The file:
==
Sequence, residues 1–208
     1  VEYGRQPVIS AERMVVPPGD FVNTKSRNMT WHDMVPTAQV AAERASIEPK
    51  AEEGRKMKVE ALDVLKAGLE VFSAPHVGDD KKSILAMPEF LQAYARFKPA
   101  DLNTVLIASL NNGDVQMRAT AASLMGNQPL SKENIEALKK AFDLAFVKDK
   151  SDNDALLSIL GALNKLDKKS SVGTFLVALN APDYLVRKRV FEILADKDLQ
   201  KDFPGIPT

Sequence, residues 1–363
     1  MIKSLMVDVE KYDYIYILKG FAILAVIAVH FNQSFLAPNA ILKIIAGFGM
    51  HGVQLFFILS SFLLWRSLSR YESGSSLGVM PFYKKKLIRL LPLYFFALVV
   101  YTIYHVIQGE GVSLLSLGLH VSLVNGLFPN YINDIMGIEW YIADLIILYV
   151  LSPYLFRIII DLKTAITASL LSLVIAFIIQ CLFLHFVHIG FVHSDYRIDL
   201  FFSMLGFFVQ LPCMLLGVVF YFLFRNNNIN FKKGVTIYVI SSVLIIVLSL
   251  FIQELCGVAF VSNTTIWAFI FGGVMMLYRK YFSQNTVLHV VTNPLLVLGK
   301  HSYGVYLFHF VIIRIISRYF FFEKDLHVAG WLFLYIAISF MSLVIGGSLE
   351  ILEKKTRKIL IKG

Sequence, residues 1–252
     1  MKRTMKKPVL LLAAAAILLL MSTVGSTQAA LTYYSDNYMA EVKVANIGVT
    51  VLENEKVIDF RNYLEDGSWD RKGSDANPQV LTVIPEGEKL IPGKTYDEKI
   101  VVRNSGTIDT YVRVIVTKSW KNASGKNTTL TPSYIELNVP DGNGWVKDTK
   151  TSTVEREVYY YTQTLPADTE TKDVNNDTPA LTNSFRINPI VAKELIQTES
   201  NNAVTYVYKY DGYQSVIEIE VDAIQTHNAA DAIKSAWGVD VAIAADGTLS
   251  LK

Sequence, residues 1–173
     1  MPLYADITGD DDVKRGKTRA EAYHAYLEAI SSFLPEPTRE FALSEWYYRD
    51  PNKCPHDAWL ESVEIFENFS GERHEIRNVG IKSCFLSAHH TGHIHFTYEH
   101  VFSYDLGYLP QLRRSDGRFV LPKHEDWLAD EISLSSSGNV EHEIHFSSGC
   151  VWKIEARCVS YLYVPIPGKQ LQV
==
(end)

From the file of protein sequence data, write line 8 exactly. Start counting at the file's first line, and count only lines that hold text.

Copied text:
     1  MIKSLMVDVE KYDYIYILKG FAILAVIAVH FNQSFLAPNA ILKIIAGFGM